Month in Review: December 2017

Step under the mistletoe and get kissed by the FANTASTIC set of council meetings we reviewed in December! The season may have been cheery, but residents of Garner Street certainly were not. Neither were the anti-Interfacility Traffic Area (that’s the last time I will ever type that phrase) activists in Virginia Beach.

But hey, like Rudolph with his red nose, last month’s podcast guests guided our way through the darkness by talking about their ideal council meeting presents and their beach bodies. Hubba hubba!

For all of that and a glass of eggnog, check out our December Month in Review.

And if you are still uncertain whether December council meetings were sufficiently festive, BEHOLD THE SARCASTIC SANTA:

Interview #74: Juneau, AK Assembly Member Jesse Kiehl (with podcast)

This podcast interview is available on iTunesStitcherPlayer FM, and right here:

Jesse Kiehl works for the Alaska legislature by day and serves on the Juneau assembly by night. On the podcast, he promises that the era of live-streamed meetings is dawning, explains a few uniquely-Alaska issues, and recounts a disturbing incident that happened mere feet from an assembly meeting.

Q: Jesse, I don’t care if you do live in Alaska and I don’t care if you can see Russia from your house. I–well, actually, CAN you see Russia from your house? That would be pretty boss.

A: We’re a little too far away.

Q: Oh. Well, ahem, I don’t care if you CAN’T see Russia from your house. Why can I not go online and see the Juneau assembly meetings?

A: Because we’re cheap! There is an individual who has been voluntarily putting those up online now for about eight, nine months. He is a businessman and is interested in competing for a contract to do that. I agree with you, Michael. It’s time.

Q: Do you have any idea when is the earliest we could see the new video system? 2018? 2019?

A: It wouldn’t surprise me if we got started in the early summer.

Q: Well, you’ve got to get your beach body in shape. Does that scare you?

A: I do not have–nor will I ever have–a “beach body.”

Q: Fair enough. This being Alaska, I want to talk about the Alaska-specific things people might find in your assembly meetings. For example, in your September 2017 meeting, a bunch of people showed up angry about a bear who was shot by police. How often do issues like this come up–that city councils in the lower 48 probably are not dealing with?

A: Most of the issues really are the same. I suppose people who have raccoons get in their garbage are a little more worried about rabies from a bite instead of mauling. But otherwise, it’s about the same.

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Juneau, AK Assembly Member Jesse Kiehl

Q: At the June 6 meeting, apparently there was some shouting outside the chamber and the mayor called a recess to have people investigate it. I think you were one of those who walked out of the room. Do you remember what happened?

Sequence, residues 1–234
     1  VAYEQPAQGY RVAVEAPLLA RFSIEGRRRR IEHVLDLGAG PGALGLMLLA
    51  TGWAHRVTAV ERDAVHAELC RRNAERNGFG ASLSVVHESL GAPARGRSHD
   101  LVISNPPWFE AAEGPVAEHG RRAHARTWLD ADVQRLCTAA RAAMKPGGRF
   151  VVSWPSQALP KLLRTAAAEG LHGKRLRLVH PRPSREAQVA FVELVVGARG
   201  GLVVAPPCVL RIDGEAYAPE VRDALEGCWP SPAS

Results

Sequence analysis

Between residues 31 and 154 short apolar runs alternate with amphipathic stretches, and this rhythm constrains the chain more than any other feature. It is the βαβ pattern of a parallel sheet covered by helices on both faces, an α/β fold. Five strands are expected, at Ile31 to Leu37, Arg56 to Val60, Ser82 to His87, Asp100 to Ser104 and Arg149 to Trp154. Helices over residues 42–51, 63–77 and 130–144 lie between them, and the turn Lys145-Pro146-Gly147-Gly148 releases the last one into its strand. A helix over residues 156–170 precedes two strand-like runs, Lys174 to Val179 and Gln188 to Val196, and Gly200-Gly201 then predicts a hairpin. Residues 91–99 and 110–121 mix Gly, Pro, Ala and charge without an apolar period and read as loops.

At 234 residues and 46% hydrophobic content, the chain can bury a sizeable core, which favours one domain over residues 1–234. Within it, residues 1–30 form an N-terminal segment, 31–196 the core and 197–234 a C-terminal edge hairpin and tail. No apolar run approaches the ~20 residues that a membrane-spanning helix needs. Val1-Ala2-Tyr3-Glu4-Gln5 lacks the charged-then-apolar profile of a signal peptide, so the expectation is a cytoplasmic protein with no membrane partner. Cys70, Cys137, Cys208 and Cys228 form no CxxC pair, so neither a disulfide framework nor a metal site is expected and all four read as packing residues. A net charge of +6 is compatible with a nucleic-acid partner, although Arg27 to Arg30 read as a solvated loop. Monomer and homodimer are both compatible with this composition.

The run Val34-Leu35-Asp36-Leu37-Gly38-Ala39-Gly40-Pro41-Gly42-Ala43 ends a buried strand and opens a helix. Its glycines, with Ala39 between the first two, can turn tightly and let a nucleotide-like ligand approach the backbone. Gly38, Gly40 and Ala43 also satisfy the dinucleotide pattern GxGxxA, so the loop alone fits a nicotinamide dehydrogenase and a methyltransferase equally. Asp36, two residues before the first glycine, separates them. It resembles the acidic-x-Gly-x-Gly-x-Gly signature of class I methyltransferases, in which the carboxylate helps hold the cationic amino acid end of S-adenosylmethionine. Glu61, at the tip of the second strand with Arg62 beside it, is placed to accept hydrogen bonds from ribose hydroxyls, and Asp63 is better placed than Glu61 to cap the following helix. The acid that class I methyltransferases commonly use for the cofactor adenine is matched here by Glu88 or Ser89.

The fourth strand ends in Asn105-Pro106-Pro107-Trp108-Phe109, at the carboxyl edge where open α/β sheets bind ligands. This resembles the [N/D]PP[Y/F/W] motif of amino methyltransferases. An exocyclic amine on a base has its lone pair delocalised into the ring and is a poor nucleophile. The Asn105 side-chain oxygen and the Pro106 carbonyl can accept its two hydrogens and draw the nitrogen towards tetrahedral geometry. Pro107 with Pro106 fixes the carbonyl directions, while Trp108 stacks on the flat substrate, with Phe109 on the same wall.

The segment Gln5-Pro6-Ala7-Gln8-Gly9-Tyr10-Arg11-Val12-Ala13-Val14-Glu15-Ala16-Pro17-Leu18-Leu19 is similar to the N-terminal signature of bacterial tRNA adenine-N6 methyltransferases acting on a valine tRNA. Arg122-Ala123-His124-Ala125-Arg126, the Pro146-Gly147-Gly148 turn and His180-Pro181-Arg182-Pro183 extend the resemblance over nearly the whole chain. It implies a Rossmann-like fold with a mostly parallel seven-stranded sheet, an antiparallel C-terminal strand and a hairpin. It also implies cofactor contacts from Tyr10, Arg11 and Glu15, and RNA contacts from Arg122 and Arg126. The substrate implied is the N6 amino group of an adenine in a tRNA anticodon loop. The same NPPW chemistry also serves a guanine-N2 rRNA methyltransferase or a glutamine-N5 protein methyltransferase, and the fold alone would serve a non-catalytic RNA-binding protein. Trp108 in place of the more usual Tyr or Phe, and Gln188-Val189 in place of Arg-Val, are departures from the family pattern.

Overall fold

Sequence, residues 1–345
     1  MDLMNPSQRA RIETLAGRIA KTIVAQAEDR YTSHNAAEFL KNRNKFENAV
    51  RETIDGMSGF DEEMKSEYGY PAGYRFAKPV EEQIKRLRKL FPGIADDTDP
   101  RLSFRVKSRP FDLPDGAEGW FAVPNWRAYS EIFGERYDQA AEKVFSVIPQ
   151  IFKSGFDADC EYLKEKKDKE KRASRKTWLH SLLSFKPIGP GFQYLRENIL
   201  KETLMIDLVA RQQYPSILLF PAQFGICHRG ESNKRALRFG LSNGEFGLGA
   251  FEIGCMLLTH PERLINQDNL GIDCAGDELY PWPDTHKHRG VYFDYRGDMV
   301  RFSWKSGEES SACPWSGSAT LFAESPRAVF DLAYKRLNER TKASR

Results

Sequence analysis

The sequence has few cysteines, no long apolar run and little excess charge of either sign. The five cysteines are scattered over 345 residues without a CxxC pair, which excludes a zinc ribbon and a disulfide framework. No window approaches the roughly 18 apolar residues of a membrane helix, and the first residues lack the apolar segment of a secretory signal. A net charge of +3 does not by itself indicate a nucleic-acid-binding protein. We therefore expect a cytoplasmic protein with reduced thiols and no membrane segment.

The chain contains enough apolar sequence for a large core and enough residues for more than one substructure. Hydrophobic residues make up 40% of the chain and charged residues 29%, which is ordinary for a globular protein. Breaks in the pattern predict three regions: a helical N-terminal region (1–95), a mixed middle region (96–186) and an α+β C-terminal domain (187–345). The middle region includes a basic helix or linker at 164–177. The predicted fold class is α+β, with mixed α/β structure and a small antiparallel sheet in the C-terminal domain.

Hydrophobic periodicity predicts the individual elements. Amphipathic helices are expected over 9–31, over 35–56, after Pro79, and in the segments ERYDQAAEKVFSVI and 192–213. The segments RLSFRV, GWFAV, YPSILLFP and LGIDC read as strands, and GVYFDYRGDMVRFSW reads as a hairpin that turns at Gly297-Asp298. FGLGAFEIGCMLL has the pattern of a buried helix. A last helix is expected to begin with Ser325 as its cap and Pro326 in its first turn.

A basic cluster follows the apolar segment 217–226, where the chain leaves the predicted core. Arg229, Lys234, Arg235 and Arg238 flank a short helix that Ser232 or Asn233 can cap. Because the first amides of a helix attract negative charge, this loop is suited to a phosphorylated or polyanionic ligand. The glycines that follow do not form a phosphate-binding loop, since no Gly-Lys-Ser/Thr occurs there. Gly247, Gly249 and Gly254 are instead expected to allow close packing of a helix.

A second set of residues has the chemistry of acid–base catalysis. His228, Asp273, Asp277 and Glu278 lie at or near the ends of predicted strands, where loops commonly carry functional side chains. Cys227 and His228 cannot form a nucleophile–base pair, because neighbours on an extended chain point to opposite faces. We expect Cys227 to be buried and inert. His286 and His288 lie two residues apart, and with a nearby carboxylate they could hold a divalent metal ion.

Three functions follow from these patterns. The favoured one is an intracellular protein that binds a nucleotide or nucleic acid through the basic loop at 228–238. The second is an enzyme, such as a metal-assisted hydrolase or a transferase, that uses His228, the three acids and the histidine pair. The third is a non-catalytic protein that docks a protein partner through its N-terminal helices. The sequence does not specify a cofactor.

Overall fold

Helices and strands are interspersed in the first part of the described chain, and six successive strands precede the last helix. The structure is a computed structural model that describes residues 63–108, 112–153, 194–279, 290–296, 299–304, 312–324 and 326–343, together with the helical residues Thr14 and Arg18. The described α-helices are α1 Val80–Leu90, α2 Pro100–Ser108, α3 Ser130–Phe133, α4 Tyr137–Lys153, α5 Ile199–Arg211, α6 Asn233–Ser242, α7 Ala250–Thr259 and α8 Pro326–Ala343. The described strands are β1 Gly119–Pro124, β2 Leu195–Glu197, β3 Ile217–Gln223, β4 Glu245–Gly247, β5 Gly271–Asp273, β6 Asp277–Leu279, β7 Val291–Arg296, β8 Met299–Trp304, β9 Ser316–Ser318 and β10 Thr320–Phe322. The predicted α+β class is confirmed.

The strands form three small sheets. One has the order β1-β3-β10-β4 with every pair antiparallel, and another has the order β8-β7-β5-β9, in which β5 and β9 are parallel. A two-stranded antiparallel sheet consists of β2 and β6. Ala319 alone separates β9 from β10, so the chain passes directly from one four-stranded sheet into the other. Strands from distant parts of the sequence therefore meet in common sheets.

A: There’s a public restroom on the other side of the chamber and there was a domestic violence incident–ah, let’s call it what it was: a guy beat up his girlfriend just outside the restrooms. There was shouting and thumping. We jumped up and the only person who got up faster than me was [Assembly Member] Jerry [Nankervis, a former police officer]. Unfortunately, she was not interested in police protection or a ride to our domestic violence shelter and that’s really hard. You intervene in hopes that people will get the help they need. But that time, they didn’t.

Q: When you’re sitting there in the meetings, you’ve got 33,000 people that you want to make life better for. But when it’s just one person who is not susceptible to persuasion or to you as an authority, I’m sure it’s quite a contrast and made you feel somewhat helpless.

A: [Sigh] Seeing and hearing something like that during a meeting sure keeps you grounded. It keeps you focused on the ways we make life better–or fail to–and the impacts those have on people who don’t have the level of comfort that all of us on the assembly do.


Follow Assembly Member Jesse Kiehl on Twitter: @JesseKiehl

Interview #16: Homer, AK Mayor Beth Wythe (with podcast)

This podcast interview is available on iTunesStitcherPlayer FM and right here:

Beth Wythe has been mayor and city council member in Homer for eight years–and yesterday was actually her last day at city hall. I wanted to get her parting thoughts on everything from breaking tie votes to silencing talkative people…to salmon. Yes, salmon.

Q: Fill in the blank for me: if Homer city council meetings were an animal, they would be a ________.

A: [Laughs] I have to think about that because they can be anything.

Q: What is the hardest part about being in charge of a council meeting?

A: I don’t have a difficulty with it. I do have council members that really want their opinion to be the dominating opinion. And then you have other council members that are a little more withdrawn. And you want to draw them out.

Q: So if someone is monopolizing the discussion, how do you gently nudge them to give the other people some space to get in?

A: The rule of order is that you get to have your say and you get to have one response. You can’t just go back and forth. I will just say, “excuse me, this [other] person would like to have something to say.”